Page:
War with Venice

Charles’s de­ci­sive vic­tory at Tu­nis did lit­tle to calm the feel­ing of in­se­cu­rity and dread that gripped those liv­ing along the coast in Spain, Italy and the Chris­tian-held is­lands of the western Mediter­ranean. They lived in con­stant fear of at­tack by Hayred­din’s fleet and Ot­toman cor­sairs.

King Fran­cis en­cour­aged Suleiman to send ves­sels to as­sist him in his op­er­a­tions against Charles. Although the French had a fleet, it had re­cently been de­feated by Do­ria. Suleiman duly obliged him, as he har­boured dreams of cap­tur­ing Rome one day. They hashed out a plan whereby Fran­cis would at­tack into north­ern Italy and the Turks would land in Apu­lia and push north. An Ot­toman squadron ar­rived in Mar­seilles in 1536, but Fran­cis soon grew skit­tish about con­duct­ing joint op­er­a­tions with the Turks against fel­low Chris­tians. This di­min­ished the French king sig­nif­i­cantly in the eyes of the Ot­tomans.

“AS A SIGN OF RE­SPECT, SULEIMAN BE­STOWED ON HIM THE COM­PLE­MEN­TARY IS­LAMIC HONORIFIC ‘HAYRED­DIN’, MEAN­ING ‘GOOD­NESS OF THE FAITH’”

Suleiman un­leashed Hayred­din to wreak havoc against Charles’s Ital­ian do­mains. The Ot­toman ad­mi­ral, who the Chris­tians called the “King of Evil,” pro­ceeded to rav­age Apu­lia. Hayred­din sailed from Istanbul in May 1537 with 170 gal­leys and sup­port ships bound for Apu­lia. Over the course of a month he torched towns, de­stroyed forts and car­ried off thou­sands of Chris­tians to be sold as slaves.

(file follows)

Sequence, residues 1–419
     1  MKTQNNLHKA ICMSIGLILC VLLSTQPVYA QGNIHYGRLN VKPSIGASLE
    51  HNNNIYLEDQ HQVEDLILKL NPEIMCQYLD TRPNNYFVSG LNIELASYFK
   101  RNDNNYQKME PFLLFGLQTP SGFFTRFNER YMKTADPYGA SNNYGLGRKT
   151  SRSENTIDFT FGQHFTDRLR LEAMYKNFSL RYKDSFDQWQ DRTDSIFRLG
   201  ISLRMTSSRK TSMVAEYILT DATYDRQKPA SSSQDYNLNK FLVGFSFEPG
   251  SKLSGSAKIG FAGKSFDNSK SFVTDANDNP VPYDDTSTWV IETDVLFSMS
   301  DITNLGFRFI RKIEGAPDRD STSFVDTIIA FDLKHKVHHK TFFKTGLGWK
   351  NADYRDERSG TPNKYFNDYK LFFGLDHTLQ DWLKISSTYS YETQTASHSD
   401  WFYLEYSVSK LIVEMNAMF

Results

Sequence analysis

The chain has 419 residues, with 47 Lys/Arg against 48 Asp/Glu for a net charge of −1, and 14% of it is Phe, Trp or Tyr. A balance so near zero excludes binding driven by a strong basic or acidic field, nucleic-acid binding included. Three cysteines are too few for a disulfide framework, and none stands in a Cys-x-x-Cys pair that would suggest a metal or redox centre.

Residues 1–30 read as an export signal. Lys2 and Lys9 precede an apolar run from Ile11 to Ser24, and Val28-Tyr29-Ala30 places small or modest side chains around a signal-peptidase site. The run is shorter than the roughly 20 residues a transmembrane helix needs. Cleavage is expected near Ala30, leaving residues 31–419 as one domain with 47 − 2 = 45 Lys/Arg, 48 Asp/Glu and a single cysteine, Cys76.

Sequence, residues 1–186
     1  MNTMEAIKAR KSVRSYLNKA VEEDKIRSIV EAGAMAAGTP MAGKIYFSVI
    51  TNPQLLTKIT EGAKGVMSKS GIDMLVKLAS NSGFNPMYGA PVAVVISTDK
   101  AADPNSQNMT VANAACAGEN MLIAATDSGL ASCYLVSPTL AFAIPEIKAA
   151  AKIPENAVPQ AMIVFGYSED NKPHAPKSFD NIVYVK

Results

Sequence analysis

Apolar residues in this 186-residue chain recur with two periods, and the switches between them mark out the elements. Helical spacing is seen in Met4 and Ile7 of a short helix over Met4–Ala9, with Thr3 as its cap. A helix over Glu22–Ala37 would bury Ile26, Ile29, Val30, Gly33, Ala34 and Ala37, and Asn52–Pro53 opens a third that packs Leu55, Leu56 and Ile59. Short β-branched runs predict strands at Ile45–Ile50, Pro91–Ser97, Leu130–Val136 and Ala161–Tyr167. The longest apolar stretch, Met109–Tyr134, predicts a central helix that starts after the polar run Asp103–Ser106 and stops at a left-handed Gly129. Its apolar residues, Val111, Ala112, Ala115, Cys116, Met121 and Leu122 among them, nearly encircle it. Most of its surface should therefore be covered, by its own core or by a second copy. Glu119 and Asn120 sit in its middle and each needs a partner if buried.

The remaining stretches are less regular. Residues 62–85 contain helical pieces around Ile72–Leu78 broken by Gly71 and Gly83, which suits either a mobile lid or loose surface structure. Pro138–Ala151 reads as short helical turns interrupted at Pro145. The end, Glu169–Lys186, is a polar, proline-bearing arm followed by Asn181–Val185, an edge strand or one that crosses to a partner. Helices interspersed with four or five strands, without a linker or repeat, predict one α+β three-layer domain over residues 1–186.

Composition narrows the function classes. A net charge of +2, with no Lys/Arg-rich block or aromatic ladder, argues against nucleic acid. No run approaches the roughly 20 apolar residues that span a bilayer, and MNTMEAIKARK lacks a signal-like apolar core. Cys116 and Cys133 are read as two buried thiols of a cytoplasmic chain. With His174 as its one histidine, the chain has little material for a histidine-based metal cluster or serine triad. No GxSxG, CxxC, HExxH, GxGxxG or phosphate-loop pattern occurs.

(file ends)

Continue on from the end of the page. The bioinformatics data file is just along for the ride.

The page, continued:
In 1537 the Vene­tians and Ot­tomans went to war with each other for the third time. Suleiman or­dered Hayred­din to cap­ture the Vene­tian citadel at Corfu, which if cap­tured could serve as a for­ward base for an in­va­sion of Italy. But the Vene­tians had made sig­nif­i­cant im­prove­ments to the citadel, and Hayred­din judged it im­per­vi­ous to his siege ar­tillery. He there­fore con­cen­trated on mop­ping up Vene­tian out­posts in the re­gion. He at­tacked 25 strongholds on the Aegean is­lands and Morea (Pelo­pon­nese). Of the 25 out­posts, he de­stroyed 13 and com­pelled the other 12 to pay an­nual trib­ute to the sul­tan.